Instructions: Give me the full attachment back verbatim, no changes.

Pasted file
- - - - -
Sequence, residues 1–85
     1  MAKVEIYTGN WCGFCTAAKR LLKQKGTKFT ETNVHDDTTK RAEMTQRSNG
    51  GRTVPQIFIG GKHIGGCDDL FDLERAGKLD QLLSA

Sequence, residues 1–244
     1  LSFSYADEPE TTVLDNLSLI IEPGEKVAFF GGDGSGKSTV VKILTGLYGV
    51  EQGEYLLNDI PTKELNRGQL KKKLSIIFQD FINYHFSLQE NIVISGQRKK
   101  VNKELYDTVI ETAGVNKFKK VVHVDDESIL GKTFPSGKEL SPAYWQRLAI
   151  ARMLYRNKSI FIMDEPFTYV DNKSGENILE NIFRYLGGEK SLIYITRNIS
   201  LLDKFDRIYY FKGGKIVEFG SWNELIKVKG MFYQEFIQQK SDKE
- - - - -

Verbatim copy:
Sequence, residues 1–85
     1  MAKVEIYTGN WCGFCTAAKR LLKQKGTKFT ETNVHDDTTK RAEMTQRSNG
    51  GRTVPQIFIG GKHIGGCDDL FDLERAGKLD QLLSA

Sequence, residues 1–244
     1  LSFSYADEPE TTVLDNLSLI IEPGEKVAFF GGDGSGKSTV VKILTGLYGV
    51  EQGEYLLNDI PTKELNRGQL KKKLSIIFQD FINYHFSLQE NIVISGQRKK
   101  VNKELYDTVI ETAGVNKFKK VVHVDDESIL GKTFPSGKEL SPAYWQRLAI
   151  ARMLYRNKSI FIMDEPFTYV DNKSGENILE NIFRYLGGEK SLIYITRNIS
   201  LLDKFDRIYY FKGGKIVEFG SWNELIKVKG MFYQEFIQQK SDKE